An original and exciting work of comparative history, this book analyses the origins of segregation as a specific stage in the evolution of white supremacy in South Africa and the American South. Unlike scholars who have attributed twentieth-century patterns of race relations to the continuation of earlier social norms and attitudes, Cell understands segregation as a distinct system and ideology of race and class division, closely associated with urbanisation, industrialisation, and modern processes of state and party formation. Originally advocated by moderates and liberals, rather than by racist fanatic with whom it later came to be identified, segregation became comparatively sophisticated, flexible, and absorptive. In its ambiguities even advocates of black power could sometimes find a basis for collaboration.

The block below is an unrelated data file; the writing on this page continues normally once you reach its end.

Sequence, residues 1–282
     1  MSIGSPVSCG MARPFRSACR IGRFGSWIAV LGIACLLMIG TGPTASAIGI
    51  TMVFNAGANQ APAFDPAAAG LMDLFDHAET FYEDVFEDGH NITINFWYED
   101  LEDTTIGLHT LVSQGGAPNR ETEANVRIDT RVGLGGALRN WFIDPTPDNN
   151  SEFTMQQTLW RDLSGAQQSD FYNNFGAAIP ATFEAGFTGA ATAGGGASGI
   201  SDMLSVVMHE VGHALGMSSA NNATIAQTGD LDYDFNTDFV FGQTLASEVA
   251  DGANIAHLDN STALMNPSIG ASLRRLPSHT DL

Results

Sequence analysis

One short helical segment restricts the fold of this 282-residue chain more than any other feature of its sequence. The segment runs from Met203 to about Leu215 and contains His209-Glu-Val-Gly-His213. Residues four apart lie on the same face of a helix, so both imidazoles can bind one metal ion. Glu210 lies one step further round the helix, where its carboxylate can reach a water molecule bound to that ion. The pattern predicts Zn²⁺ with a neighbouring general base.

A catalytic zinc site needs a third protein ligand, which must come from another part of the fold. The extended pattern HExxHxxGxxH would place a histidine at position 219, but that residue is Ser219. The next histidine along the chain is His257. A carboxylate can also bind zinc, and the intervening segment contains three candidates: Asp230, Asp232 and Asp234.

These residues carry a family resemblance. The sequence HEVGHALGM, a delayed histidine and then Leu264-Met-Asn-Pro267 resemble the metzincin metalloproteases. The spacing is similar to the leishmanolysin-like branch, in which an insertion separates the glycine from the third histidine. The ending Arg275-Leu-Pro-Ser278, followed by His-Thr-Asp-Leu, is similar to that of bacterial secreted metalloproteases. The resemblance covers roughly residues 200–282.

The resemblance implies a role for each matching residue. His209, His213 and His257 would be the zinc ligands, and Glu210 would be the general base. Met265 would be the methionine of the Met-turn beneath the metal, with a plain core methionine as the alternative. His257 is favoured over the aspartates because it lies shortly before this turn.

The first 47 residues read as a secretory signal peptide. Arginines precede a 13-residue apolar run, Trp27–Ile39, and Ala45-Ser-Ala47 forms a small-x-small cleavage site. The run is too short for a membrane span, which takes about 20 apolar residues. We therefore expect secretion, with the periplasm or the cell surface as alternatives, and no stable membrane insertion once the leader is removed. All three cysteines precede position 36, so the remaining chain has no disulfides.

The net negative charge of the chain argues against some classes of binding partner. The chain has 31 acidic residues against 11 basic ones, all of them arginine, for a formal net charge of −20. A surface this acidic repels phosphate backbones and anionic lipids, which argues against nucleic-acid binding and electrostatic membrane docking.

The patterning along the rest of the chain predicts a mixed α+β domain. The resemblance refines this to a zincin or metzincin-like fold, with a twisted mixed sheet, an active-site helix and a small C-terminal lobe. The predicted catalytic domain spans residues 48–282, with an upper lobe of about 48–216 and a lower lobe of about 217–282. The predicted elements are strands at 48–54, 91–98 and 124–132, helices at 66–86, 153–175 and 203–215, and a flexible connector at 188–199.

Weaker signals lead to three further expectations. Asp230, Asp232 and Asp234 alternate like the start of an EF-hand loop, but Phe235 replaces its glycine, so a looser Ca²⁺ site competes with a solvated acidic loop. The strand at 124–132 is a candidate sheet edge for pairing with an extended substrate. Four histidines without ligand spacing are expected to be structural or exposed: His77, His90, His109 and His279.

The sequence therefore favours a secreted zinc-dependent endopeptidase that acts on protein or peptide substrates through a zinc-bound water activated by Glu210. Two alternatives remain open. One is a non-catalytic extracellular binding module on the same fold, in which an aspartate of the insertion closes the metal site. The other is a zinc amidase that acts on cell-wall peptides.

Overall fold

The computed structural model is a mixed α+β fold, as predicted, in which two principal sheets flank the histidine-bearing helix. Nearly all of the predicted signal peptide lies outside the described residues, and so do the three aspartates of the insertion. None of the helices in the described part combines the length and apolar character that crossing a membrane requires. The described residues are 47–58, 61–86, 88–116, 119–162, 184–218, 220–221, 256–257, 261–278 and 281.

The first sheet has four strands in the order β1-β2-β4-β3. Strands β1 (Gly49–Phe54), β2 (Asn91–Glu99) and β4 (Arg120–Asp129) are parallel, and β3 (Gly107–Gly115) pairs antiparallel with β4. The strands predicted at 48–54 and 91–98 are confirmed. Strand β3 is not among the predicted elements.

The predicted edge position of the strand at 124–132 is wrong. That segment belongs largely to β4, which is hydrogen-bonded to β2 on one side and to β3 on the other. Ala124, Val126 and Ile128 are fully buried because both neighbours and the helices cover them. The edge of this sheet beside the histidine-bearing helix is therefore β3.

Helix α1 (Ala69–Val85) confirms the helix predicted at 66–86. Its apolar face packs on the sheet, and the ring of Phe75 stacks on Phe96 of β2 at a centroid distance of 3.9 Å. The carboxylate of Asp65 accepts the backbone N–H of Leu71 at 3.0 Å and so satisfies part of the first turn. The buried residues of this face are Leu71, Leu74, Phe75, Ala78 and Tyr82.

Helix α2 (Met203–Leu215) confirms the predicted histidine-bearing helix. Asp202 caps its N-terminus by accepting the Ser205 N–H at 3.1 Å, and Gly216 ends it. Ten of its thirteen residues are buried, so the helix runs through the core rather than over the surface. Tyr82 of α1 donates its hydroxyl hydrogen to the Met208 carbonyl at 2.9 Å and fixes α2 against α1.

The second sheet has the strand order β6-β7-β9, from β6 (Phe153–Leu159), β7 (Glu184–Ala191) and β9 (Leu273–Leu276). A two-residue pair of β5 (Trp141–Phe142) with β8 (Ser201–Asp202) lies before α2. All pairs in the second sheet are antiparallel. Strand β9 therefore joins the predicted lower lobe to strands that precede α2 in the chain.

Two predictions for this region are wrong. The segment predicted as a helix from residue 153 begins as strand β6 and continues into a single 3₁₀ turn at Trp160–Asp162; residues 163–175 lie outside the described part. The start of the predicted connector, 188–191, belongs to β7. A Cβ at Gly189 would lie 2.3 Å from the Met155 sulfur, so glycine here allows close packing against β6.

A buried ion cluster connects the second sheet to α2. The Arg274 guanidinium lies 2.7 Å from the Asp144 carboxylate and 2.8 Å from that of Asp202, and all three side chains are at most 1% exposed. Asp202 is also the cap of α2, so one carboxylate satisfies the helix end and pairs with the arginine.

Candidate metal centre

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(228mm x 152mm x 19mm)
Cambridge University Press
Publisher: Cambridge University Press
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